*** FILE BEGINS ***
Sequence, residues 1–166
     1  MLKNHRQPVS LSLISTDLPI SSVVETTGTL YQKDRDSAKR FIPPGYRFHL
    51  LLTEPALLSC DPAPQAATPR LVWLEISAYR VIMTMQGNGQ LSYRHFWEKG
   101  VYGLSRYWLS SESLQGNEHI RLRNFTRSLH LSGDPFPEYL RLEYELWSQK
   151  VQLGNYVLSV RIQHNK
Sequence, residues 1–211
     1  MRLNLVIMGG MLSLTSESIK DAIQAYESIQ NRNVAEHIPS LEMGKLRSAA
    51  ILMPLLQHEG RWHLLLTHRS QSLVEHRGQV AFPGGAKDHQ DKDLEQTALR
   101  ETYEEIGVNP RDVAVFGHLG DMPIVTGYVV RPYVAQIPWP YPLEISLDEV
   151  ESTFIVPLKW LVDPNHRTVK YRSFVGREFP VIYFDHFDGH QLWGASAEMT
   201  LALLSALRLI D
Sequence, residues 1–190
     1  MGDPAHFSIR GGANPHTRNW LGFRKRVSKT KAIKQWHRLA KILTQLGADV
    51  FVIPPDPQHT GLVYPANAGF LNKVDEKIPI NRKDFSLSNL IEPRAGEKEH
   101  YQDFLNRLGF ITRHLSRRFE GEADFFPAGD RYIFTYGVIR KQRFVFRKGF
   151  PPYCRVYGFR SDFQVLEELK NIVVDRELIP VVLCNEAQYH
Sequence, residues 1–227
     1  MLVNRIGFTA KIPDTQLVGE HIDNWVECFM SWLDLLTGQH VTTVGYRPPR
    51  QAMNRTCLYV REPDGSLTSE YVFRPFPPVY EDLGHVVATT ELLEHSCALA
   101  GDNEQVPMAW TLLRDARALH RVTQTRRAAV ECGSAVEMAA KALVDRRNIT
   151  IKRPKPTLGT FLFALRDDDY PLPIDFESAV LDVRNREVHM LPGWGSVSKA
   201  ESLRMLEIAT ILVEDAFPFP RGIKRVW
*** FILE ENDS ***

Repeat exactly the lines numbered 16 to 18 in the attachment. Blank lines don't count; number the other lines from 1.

   151  PPYCRVYGFR SDFQVLEELK NIVVDRELIP VVLCNEAQYH
Sequence, residues 1–227
     1  MLVNRIGFTA KIPDTQLVGE HIDNWVECFM SWLDLLTGQH VTTVGYRPPR